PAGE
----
News

Curbside Delivery in the Wake of Coronavirus

Mar 19
2020

If you’re feeling a little bit like you’ve got whiplash keeping up with the ever-changing guidelines around COVID-19, you’re not alone. Cities and states are updating their guidelines for staying healthy by the day, if not the hour.

Texas Restaurant Association put together a panel of restauranteurs to talk about what they’re doing to survive the closure of dining rooms across Texas and to offer customers curbside delivery. Rewatch it here.
 

Curbside Delivery Webinar Resources:

Our panel was made up of:

  • Thomas Nguyen from Peli Peli
  • Jessica Delgado from Delgado Collective
  • David Cea from Orlando’s
  • Anna Tauzin from TRA

What’s Going On?

There’s a lot going on and a lot of information that you need to know as this situation changes quickly. Here are some quick guides and resources that can help you as you make decisions for your business.

Communicate With Your Customers

The number one thing you can do for your business right now is to communicate with your customers. Most small restaurants have a broad community of customers that care about them. They want to support you! Share with them how they can support you and stay healthy. For many restaurants, that’s curbside pick up or delivery.

Action items:

  • Update your website
  • Post on social media
  • Post signs on your doors
  • Update your phone tree
  • Update your online menus (including on third party delivery sites)

While this is a stressful time for everyone, don’t forget your humor or gratitude. Share with your customers what you’re doing to keep everyone safe, but also have a little humor. And, as always, keep your customer service shining by telling your customers how much they mean to you and how much you appreciate their order.
 

Get Your Tech In Order

If you want to offer pick up or delivery to your customers, that’s going to require a shift in how you do things. Your first step is to get your tech in order and make sure you can offer customers the food they love in a new way.

Curbside Pick-Up
Many restaurants are offering customers contactless curbside pick up. The key here is for customers to order ahead online, pay online, and then pick-up their order. Restaurant staff brings the order outside, opens the car door, and places the food in the car. No contact between the customer and staff. Don’t forget a friendly smile and wave — changing times don’t mean customer service isn’t important.

Delivery
Many restaurants are now offering a delivery option. Things to consider when offering delivery:

  • Talk to your insurance to make sure the car and driver are insured under your policy
  • Consider how you’ll pay drivers
  • Think about how you package food for delivery
     

Third-Party Delivery Options
Many of the third-party delivery apps are offering discounted rates. Here’s the rundown:

  • Favor - 0% commission
  • Grubhub - deferred commission (they expect it to be paid back later)
  • Uber Eats - $0 delivery fee to consumers but still full commission rate
  • DoorDash - 0% commission rates for NEW restaurants to their platform, reduced commission for their existing restaurants on the platform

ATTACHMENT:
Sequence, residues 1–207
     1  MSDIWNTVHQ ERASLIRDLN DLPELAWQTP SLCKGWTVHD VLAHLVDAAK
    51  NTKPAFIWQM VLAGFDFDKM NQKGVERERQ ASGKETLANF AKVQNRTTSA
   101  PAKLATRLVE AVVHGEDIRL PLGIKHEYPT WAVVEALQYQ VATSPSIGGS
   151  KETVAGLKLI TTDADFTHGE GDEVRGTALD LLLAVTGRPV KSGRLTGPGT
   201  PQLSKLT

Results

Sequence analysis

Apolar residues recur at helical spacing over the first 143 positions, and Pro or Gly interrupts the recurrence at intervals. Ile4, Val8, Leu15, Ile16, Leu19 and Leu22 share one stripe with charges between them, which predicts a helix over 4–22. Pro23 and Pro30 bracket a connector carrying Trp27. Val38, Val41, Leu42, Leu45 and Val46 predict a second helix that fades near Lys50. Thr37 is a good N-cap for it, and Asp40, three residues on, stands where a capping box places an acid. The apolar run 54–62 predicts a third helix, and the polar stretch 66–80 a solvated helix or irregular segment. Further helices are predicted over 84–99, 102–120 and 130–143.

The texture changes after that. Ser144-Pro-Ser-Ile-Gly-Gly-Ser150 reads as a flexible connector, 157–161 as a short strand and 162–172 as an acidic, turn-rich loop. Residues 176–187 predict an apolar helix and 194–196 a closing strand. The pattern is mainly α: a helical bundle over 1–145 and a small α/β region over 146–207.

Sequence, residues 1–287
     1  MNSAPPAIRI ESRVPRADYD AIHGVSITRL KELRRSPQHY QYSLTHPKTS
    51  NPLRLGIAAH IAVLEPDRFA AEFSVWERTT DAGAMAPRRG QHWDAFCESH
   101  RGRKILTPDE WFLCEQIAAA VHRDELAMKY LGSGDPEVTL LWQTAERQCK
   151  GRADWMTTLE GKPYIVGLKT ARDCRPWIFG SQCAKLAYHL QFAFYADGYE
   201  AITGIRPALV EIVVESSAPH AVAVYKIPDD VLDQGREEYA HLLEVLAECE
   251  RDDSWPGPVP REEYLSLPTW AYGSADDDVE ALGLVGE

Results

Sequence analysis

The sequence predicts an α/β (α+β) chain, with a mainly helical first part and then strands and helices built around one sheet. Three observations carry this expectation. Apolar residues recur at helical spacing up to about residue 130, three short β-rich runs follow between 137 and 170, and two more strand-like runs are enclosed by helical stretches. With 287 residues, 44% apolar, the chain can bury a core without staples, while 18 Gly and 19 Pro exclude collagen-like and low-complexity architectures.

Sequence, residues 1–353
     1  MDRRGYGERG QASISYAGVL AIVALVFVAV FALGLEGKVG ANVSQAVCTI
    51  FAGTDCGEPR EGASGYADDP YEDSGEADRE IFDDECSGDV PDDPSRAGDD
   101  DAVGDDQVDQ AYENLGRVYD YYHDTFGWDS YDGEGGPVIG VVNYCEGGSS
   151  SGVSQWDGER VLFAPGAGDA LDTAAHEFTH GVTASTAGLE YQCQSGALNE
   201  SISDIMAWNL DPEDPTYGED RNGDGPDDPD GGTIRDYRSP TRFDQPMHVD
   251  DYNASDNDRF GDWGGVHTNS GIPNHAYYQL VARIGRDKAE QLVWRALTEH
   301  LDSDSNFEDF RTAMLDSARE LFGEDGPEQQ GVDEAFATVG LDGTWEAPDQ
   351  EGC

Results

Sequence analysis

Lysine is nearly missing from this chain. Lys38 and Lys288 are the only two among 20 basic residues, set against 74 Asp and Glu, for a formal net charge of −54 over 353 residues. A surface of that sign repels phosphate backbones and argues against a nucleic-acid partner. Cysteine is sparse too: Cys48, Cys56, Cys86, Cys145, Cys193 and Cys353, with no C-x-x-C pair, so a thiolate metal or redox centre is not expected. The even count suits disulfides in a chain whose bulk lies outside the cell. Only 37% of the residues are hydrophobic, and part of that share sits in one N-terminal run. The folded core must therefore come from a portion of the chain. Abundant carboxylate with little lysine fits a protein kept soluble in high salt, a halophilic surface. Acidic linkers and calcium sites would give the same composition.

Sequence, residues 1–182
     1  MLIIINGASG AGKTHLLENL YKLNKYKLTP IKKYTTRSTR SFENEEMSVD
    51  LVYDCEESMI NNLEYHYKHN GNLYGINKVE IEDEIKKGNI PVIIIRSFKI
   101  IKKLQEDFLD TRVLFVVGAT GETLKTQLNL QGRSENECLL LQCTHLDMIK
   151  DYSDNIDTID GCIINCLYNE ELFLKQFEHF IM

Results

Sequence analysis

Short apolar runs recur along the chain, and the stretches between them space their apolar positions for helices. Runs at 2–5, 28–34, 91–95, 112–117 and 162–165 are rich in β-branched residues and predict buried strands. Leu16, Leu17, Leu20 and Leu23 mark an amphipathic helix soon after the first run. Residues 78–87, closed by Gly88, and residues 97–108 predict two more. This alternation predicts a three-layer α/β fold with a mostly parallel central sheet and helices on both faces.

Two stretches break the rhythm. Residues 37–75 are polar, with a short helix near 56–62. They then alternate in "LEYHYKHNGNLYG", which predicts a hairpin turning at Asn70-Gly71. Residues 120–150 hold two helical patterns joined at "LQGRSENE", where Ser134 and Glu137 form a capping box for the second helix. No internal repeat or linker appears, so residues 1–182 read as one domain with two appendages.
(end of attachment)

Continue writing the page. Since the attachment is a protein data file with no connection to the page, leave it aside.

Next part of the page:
Online Ordering Options
There are a number of systems you can use so customers can place an order online.

Change Product Offerings

Offering delivery or curbside pick-up isn’t enough. While you must change how customers are getting your food, you might also need to change what products you offer to customers. Your customers are currently working from home without the ability to leave, many of them will also have their kids or other family members home with them. Some of your customers are now out of work or working reduced hours.

Change your product offerings to serve your customers’ needs. Shift the types of dishes you prepare to be more affordable, one-stop meals. Consider offering boxed lunches and simple dinners. Customers are seeking, healthy, flavorful food that’s affordable.

In our webinar, Thomas Nguyen of Peli Peli shared that they’ve shifted their traditional dinner offering that costs $30-$40 to be a $10 meal which includes a protein and two sides. Jessica Delgado of Delgado Collective shared that they’re now offering bulk meals that are discounted in price the more you buy. Customers can purchase a number of individual meals or a bulk packaged meal that simply needs to go in the oven and can feed a family of 6.

Customers’ needs have changed. That means you have to rethink what you’re offering customers.

Alcohol

Many restaurants make a majority of their profit through alcohol sales. A topic that was raised multiple times during the webinar was how to offer alcohol for pick up or delivery. Currently, it is legal for restaurants in Texas to deliver alcohol. We are awaiting additional guidance from TABC for potential new opportunities. TRA hosted a webinar recently about alcohol delivery if you’d like to learn more.
 

We’re All in This Together

Most importantly, please remember that we’re all in this together. TRA is working closely with the Texas government and TABC to make sure that the voices of restaurant owners are heard during this time of change.

Also, we’re here for you. If you have questions, reach out. We’re updating our website regularly and sending out daily emails to members with updates on the situation.

Don’t forget to reach out to your friends in the industry. At this time, it’s so important that we all support one another. Check-in on your own wellbeing as well as those of your friends and employees. 
We will get through this, and we’ll do it together.

Visit this link to take action and contact your representatives.

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